Front Page Titles (by Subject) H.L.A. Hart vs. Natural Law - Literature of Liberty, Summer 1982, vol. 5, No. 2
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H.L.A. Hart vs. Natural Law - Leonard P. Liggio, Literature of Liberty, Summer 1982, vol. 5, No. 2 
Literature of Liberty: A Review of Contemporary Liberal Thought was published first by the Cato Institute (1978-1979) and later by the Institute for Humane Studies (1980-1982) under the editorial direction of Leonard P. Liggio.
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H.L.A. Hart vs. Natural Law
“H.L.A. Hart's Minimum Content Theory of Natural Law.” Political Theory 9 (November 1981): 533–546.
The author wishes to clarify the “much maligned tradition of natural law in legal theory.” He contends that H.L.A. Hart has distorted important aspects of the controversy between natural law and legal positivism. Hart's “minimum content” theory does not constitute a compromise between natural law and legal positivism since Hart misinterprets the meaning of natural law.
The legal positivists' tradition holds that “legal norms can have any kind of content and be valid.” By contrast, the natural law tradition maintains: (1) the conviction that there exists a universal justice that transcends the particular expressions of justice in any given set of positive laws; (2) that the universal principles of justice are accessible to reason and are discovered, not made, by man; (3) that a positive law contrary to these universal principles is not properly speaking a law, since it lacks the moral content necessary to put us under obligation. To be valid law must have a moral content and not simply be a command with sanctions.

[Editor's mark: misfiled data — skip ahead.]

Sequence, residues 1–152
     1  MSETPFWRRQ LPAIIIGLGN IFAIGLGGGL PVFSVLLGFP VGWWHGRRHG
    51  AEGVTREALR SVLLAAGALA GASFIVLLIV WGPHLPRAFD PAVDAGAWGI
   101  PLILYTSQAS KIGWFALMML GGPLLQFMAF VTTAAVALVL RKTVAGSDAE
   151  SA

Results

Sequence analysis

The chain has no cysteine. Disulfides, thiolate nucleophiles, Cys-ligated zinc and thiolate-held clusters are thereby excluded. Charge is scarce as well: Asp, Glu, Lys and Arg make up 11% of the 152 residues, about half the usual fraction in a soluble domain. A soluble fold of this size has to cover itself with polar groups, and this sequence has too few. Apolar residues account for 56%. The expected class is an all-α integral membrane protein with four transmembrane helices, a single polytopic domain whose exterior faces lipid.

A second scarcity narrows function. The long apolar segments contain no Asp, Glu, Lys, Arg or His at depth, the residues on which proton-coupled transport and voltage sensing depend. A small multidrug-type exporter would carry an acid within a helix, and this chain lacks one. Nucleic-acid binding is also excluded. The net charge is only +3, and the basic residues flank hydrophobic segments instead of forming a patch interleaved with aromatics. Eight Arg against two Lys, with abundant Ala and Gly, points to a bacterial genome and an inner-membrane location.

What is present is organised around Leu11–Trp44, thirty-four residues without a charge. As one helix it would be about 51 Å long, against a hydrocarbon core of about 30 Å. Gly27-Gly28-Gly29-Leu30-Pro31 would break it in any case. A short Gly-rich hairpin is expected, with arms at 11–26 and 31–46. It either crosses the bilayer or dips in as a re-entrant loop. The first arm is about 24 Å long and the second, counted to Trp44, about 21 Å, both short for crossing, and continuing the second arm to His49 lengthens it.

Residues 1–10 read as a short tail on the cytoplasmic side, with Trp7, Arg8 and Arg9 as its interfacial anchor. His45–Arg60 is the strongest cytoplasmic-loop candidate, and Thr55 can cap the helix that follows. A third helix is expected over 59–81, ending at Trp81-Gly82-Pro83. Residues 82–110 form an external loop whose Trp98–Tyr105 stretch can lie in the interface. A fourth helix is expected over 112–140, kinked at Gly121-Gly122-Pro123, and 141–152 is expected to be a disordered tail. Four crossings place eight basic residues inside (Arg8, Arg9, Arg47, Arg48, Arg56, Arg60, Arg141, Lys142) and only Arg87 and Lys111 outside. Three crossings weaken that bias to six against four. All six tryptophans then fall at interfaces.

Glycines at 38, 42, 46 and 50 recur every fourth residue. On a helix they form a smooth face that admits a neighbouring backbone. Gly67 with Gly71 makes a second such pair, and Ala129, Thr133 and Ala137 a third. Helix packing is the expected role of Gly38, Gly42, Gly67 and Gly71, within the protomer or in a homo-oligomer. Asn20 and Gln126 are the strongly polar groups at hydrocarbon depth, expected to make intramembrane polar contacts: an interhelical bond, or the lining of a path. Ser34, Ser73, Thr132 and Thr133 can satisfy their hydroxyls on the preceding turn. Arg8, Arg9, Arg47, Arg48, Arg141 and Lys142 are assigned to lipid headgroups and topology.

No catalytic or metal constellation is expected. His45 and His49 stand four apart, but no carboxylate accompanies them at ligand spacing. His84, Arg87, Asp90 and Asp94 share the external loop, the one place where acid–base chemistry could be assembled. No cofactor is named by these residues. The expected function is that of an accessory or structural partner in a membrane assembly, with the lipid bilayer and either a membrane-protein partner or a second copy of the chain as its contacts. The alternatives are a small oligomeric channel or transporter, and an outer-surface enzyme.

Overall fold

Hart's theory fails to be assimilated to this natural law tradition. (1) Hart's criterion of “survival” fails to qualify as the proper end or telos of man, because it does not refer to an optimum condition of fulfilment. (2) Because survival is morally neutral, no moral conclusions can be derived from the fact that men tend to desire to continue in existence. Hart's “content” of law (based on survival as an aim) is instrumental rather than moral. (3) Hart's minimum content theory attempts to define “viable” rather than “valid” law, and so remains thoroughly positivist. It does not approach the moral content criterion of natural law.
To be valid a law must be deserving of respect. A valid law is one which morally ought to be obeyed; the coercion such a law uses against those who disobey it would then be justified. Otherwise, the coercive power of law would hardly be distinguishable from the violence of criminals.